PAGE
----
You can get a cruise ship condo at a Manhattan price—if the monthly fee doesn't sink you

By Jennifer White Karp  |
April 9, 2019 - 12:00PM

The living room of a one-bedroom cabin on an as-yet unnamed ship launching in 2020 from Blue World Voyages.

Blue World Voyages

What if the next apartment you owned was on a cruise ship? For high-end buyers looking to add a new address, it’s not such an outrageous idea, especially since the median sales price for luxury Manhattan apartments is $5,850,000, according to Douglas Elliman’s most recent Manhattan market report.

Prices for residences at sea can be much lower than Manhattan luxury apartments, but the monthly costs—and some of the terms—put these residential ships out of reach for everyone but the most well-heeled buyers, who likely already own a vacation home—or two or three.

Owning your own place on a ship is a luxurious upgrade from how people used to retire at sea by booking long cruises end-to-end for months or even years at a time. A ship called “The World” essentially created the residential niche in 2002, according to The Points Guy, with the largest private residential ship on the planet at 644 feet. That massive ship has 165 cabins, which start at $3 million—for a studio.

So if you’re intrigued by the concept, and want something less gargantuan, consider an as-yet unnamed ship launching in 2020 from Blue World Voyages, with two decks dedicated to sports, wellness and spa amenities. There will be a mix of traditional cabins and two upper decks reserved for owners of 24 residences (10 one-bedroom and 14 two-bedroom apartments). The one bedrooms will be 850 square feet with a private balcony and cost $2,350,000. The two-bedroom residences are 1,200 square feet with a split level design and run $3,350,000.


Owners will have concierge and butler service, and their common areas separate from guests in the traditional cabins.

Sports and wellness features include a conditioning center, Hank Haney Golf School, soccer simulators, batting cages, basketball court, studios for yoga, spinning and TRX. There will be three pools, including a seawater lap pool that will be lowered into the ocean next to the ship while it’s docked.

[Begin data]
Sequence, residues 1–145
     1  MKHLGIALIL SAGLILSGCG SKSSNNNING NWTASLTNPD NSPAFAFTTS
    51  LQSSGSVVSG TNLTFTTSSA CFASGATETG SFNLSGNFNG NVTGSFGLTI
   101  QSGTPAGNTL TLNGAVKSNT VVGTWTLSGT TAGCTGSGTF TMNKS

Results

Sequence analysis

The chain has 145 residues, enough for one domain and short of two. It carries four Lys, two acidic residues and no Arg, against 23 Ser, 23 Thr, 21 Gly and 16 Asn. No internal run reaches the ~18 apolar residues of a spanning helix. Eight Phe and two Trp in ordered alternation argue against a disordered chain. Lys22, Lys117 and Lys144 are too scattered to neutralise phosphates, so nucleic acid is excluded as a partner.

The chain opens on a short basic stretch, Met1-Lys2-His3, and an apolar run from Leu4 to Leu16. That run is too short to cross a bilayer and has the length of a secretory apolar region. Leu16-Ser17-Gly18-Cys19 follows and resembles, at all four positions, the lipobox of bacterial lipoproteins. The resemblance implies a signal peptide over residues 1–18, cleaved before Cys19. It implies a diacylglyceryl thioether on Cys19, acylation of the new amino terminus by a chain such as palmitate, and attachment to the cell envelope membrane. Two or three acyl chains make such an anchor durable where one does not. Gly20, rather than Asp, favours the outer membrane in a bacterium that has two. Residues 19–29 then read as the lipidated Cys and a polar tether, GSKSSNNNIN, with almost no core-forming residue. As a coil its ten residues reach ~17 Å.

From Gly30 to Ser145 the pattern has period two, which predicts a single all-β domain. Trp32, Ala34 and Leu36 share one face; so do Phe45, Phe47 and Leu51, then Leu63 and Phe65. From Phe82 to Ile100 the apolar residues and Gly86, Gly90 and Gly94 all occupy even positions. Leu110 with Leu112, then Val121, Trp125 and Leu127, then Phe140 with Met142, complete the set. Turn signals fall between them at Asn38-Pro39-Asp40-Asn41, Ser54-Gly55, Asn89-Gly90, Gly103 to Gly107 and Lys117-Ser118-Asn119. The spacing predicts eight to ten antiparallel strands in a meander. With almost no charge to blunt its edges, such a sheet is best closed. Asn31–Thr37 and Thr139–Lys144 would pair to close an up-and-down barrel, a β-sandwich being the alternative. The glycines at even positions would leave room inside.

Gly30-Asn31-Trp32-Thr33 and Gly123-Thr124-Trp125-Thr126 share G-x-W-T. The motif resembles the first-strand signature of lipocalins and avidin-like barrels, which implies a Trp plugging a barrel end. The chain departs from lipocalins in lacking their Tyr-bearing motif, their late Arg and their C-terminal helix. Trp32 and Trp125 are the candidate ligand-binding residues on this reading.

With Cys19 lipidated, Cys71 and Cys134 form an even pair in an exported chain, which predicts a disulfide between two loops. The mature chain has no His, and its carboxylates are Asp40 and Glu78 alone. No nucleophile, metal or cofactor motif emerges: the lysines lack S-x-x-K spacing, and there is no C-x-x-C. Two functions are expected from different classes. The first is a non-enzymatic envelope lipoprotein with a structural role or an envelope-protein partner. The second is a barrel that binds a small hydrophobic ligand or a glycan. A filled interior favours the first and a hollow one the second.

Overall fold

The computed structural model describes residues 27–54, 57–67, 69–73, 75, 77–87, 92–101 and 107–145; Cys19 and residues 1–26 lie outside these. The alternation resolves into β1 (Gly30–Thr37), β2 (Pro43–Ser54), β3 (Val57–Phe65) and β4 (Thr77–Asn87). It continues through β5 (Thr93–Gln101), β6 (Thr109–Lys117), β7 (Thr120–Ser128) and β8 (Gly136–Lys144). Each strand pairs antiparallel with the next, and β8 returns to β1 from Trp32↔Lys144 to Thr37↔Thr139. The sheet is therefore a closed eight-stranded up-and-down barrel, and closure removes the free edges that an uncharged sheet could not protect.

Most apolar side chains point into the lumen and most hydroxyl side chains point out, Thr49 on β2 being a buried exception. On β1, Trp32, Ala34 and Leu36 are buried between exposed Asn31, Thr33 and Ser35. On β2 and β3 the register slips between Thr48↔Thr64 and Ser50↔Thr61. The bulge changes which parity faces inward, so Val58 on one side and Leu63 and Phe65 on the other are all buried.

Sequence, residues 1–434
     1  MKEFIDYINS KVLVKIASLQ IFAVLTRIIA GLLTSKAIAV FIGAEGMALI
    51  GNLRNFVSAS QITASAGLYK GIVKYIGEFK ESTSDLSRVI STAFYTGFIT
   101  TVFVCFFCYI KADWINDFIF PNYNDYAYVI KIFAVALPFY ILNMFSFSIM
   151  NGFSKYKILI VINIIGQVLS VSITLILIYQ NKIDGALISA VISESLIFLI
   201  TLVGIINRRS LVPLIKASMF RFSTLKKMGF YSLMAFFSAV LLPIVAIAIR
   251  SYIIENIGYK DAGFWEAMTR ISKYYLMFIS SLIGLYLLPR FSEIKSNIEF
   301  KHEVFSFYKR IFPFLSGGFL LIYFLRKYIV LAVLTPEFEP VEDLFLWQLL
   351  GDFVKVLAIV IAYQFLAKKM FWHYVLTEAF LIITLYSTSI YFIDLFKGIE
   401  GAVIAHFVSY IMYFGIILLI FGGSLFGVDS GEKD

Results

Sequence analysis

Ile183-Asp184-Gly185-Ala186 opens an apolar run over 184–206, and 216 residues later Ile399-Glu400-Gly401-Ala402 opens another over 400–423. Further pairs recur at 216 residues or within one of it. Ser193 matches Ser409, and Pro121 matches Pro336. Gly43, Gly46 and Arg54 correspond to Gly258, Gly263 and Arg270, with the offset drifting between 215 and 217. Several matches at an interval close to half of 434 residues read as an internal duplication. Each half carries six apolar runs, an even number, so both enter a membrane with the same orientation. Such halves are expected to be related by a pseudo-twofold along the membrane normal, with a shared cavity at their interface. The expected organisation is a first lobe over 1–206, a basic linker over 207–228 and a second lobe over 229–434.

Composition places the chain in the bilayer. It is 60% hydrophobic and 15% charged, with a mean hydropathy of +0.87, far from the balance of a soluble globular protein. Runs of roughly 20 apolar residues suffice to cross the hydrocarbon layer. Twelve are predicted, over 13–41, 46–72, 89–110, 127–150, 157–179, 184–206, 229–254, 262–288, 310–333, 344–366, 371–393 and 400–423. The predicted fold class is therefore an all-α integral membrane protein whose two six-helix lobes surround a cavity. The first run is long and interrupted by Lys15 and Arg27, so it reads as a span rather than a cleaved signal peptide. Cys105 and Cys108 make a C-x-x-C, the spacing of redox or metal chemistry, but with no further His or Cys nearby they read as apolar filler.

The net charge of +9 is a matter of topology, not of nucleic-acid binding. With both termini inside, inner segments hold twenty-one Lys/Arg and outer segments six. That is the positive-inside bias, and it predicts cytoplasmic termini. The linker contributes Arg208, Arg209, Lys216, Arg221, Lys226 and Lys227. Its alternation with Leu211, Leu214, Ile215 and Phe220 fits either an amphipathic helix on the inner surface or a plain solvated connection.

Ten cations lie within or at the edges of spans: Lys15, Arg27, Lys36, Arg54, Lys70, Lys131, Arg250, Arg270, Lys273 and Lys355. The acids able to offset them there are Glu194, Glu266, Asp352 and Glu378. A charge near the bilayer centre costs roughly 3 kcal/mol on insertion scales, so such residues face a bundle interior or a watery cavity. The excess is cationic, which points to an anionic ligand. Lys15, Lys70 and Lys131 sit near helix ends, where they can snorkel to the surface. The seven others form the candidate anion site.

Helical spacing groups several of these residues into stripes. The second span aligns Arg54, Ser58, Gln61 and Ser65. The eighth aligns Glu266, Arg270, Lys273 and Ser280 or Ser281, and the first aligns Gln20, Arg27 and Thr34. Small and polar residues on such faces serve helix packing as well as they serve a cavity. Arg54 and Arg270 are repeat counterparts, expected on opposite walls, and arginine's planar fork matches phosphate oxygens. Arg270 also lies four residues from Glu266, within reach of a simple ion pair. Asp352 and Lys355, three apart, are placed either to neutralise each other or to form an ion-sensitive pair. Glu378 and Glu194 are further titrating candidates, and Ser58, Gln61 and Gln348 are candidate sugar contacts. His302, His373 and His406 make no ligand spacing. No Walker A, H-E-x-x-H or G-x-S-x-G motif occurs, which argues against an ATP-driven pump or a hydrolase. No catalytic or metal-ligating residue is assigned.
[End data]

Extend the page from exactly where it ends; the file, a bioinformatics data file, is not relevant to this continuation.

Fredy Dellis, co-founder of Blue World Voyages, says the owners' residences will be more spacious and luxurious than the traditional cabins. Owners will be able to personalize their suites by choosing a contemporary or classic design and will be able to leave their things in cabin when they are not on the ship, he says.

“Our first ship will travel in Europe in the summer months and South and Central America during the winters. Each month will feature a new region. We will not have a long-term home port,” he tells Brick Underground. “As the owner would want to stay on the ship for several weeks at a time, we will not be repeating the same itinerary over and over.”

So what’s the fine print? For starters, the maintenance is incredibly steep.

Constantine Valhouli, founder of real estate research and analytics firm NeighborhoodX, notes that the annual maintenance fees of 10 percent of the purchase price are $235,000 for one bedrooms and $335,000 for two bedrooms, or approximately $20,000 and $28,000 per month.

For comparison, this Soho condominium at 63 Greene St. is listed for sale at $2.7 million. At $2,700 per square foot, the luxury Manhattan condo is priced similarly to what cabins will cost on Blue World’s ship, but its monthly common charges are only $971 per month. Total monthly carrying costs including property taxes are around $2,500 per month—about a 10th of its seaborne cousin.


“This underscores two important considerations: One is that the higher maintenance fees reflect a very different building type and amenity structure—closer in many ways to a hotel rather than conventional residential real estate— and that this isn't intended to be cost-effective. It is intended for an audience for whom the $2-$4 million purchase price is a rounding error to their net worth or possibly even income. These will likely be one more property among a portfolio of residences, a floating pied-à-terre of sorts,” Valhouli says.

“That said, if money isn't an obstacle, this is entirely worth it just for the opportunity to cosplay your favorite scenes from Titanic,” he says.

But you can offset that pain by renting it out. When not in use, owners can participate in a rental program, and Blue World estimates that renting for around 23 weeks of the year would cover the annual maintenance cost.

Don’t expect to take out a mortgage here. Once selling begins, buyers enter an agreement with an initial payment of 25 percent of the purchase price. Payments continue to be made in 25 percent installments, held in escrow, until the residence is ready.

One more catch: Unlike traditional ownership, it doesn’t appear that this cabin is yours forever: The purchase agreement includes a 25-year right of use for owners.

Owners become shareholders in Blue World Voyages, with share values increasing as the company expands the fleet. The company plans to launch three ships in the next five years.



Jennifer White Karp

Managing Editor

Jennifer steers Brick Underground’s editorial coverage of New York City residential real estate and writes articles on market trends and strategies for buyers, sellers, and renters. Jennifer’s 15-year career in New York City real estate journalism includes stints as a writer and editor at The Real Deal and its spinoff publication, Luxury Listings NYC.

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